Physical evidences

March 28, 2022

Working together with visual artist Małgorzata Białobrzycka, photographer Agata Grzybowska arranged supposedly harmless everyday items, and in doing so gave visual expression to the hidden side of domestic violence.
Trigger warning: physical/mental abuse, animal cruelty, explicit language

Frying pans, shoes, cups, fruit: though apparently harmless at a first glance, these items can also be used as tools of oppression in relationships, resulting in an everyday life that is unbearable for many. In collaboration with the Physical Evidence Museum, photographer Agata Grzybowska and set designer Małgorzata Białobrzycka brought the subtle horror of domestic violence into the open and, with the testimonies of survivors, established a platform for discourse – because far too much silence still surrounds this topic.

LFI: Your project is a collaboration with the Physical Evidence Museum. Please tell us how this collaboration came about.
Agata Grzybowska: The Physical Evidence Museum is a project started by two Latvian artists, Laura Stašāne and Jana Jacuka, and is based on the collection of objects and stories that were sent in by women who have experienced violence, caused to a great extent by men. First, the project was presented in Riga, and then, in collaboration with TR Warszawa, Feminoteka Foundation and Autonomia Foundation, it found its way to Warsaw.
In the latter case, the exhibition was organized in a private apartment and the objects were placed according to their common use. At first glance, it was just a regular home full of ordinary objects showing that somebody actually lived there. If not for the women’s testimonies, perhaps it would not even cross the visitors’ mind how creative and cruel oppressors may be, turning items of daily routine into tools of power and oppression.
It was Feminoteka that came up with the idea of creating photographs that would complement the exhibition initiated by Laura and Jana. The Foundation contacted Małgorzata Białobrzycka and I, and asked if we could photograph the objects sent in by Polish women for the project. We didn’t give it a second thought – for very personal reasons, but also because violence against women in Poland is still commonplace, and justice for those who experience it is still very rare. We decided to accept Feminoteka’s invitation, first and foremost, as an opportunity for women to speak out, since survivors of violence, and especially women, are usually kept silent. As artists, we also treated the project as an initial point for developing our own concepts, and giving the project a slightly different visual form.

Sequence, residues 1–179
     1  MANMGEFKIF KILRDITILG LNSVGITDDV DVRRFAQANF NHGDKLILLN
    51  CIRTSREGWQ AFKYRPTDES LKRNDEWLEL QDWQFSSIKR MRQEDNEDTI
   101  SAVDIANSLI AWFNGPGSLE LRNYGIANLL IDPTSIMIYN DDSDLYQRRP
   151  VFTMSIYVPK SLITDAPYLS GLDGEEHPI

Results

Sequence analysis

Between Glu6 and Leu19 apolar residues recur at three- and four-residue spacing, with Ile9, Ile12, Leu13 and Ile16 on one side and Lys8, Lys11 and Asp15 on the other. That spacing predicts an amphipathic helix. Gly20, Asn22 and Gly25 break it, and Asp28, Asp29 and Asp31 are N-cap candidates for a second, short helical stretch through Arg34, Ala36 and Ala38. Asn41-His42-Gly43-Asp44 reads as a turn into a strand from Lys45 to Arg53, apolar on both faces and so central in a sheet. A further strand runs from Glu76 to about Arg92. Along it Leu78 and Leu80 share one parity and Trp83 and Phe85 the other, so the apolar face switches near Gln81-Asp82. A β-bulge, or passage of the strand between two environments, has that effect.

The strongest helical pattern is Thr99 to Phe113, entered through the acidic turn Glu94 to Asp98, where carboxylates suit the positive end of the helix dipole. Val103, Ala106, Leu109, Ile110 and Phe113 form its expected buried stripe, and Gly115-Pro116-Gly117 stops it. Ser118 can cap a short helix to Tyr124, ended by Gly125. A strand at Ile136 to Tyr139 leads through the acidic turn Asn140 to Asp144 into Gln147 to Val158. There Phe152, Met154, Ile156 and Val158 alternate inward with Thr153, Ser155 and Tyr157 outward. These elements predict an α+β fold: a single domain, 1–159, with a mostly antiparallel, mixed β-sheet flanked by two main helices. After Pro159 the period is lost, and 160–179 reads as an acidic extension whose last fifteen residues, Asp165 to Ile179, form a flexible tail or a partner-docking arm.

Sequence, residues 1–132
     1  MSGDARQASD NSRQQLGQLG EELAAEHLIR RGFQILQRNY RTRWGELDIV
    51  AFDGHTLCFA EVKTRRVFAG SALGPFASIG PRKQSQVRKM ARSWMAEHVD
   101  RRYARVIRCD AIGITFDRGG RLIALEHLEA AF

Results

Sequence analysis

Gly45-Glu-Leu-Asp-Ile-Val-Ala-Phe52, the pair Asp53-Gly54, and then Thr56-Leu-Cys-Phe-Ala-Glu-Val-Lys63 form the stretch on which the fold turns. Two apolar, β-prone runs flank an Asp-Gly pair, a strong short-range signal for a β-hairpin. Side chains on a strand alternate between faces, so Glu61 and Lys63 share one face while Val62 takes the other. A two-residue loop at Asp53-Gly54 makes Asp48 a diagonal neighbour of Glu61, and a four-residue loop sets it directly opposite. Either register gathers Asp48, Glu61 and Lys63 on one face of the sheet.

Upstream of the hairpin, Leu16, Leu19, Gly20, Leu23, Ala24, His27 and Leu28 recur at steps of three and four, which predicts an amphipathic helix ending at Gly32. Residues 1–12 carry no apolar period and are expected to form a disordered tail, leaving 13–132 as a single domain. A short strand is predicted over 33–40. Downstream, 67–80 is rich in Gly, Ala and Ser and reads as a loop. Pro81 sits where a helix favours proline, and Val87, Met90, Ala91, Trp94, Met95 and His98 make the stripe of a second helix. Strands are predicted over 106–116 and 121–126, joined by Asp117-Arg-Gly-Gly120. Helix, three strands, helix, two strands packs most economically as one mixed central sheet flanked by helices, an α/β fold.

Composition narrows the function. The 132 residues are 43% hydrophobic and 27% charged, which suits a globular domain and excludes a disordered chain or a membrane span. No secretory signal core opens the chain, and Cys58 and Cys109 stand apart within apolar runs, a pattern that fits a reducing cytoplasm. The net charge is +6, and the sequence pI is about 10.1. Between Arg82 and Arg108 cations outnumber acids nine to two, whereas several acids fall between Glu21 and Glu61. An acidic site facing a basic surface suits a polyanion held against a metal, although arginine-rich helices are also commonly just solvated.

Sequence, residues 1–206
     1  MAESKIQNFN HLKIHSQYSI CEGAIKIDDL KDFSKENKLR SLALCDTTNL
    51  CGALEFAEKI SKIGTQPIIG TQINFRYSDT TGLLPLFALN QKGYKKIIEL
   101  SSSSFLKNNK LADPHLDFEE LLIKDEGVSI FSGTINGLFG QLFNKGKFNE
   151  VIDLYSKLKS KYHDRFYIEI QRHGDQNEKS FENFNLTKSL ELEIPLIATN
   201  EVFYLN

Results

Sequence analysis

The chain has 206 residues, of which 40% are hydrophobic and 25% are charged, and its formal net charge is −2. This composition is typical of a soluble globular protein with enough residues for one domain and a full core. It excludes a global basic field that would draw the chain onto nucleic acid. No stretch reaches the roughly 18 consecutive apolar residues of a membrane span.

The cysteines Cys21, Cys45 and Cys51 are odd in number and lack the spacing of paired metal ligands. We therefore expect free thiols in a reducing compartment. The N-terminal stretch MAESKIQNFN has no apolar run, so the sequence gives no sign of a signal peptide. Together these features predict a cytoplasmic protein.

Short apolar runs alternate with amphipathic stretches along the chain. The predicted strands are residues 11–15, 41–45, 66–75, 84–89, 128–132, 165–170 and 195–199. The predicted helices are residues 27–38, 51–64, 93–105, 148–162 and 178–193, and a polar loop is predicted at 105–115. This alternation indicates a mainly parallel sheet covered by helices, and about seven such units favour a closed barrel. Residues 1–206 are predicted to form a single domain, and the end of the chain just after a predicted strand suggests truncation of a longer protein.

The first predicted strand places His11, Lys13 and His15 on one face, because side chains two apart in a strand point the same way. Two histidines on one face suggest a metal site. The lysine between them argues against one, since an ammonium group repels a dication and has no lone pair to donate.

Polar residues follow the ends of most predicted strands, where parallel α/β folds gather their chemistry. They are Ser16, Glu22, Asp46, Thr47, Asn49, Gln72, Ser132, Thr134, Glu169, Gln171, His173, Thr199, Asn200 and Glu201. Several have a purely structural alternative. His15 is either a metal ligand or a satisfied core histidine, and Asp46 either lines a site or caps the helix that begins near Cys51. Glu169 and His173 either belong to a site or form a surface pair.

Your visual language is in equal parts sober and factual, but also very emotional. What do you want to evoke in the viewer?
The idea behind the Physical Evidence Museum is to focus on everyday objects that become silent witnesses of violence. In our photographs, we wanted to continue this thread for at least a few reasons. First of all, it was vital for us to protect women who had experienced violence, shared their stories, but for various reasons had chosen to stay anonymous. Giving the visual field to oppressors was out of question for us. On the one hand, we considered that fruit or simple objects are not viewed as potential tools of power or silent witnesses of violence, and, on the other hand, that they could become the ideal metaphor for what domestic violence against women is like: common, almost obvious and therefore ignored. And this is the aspect we decided to address.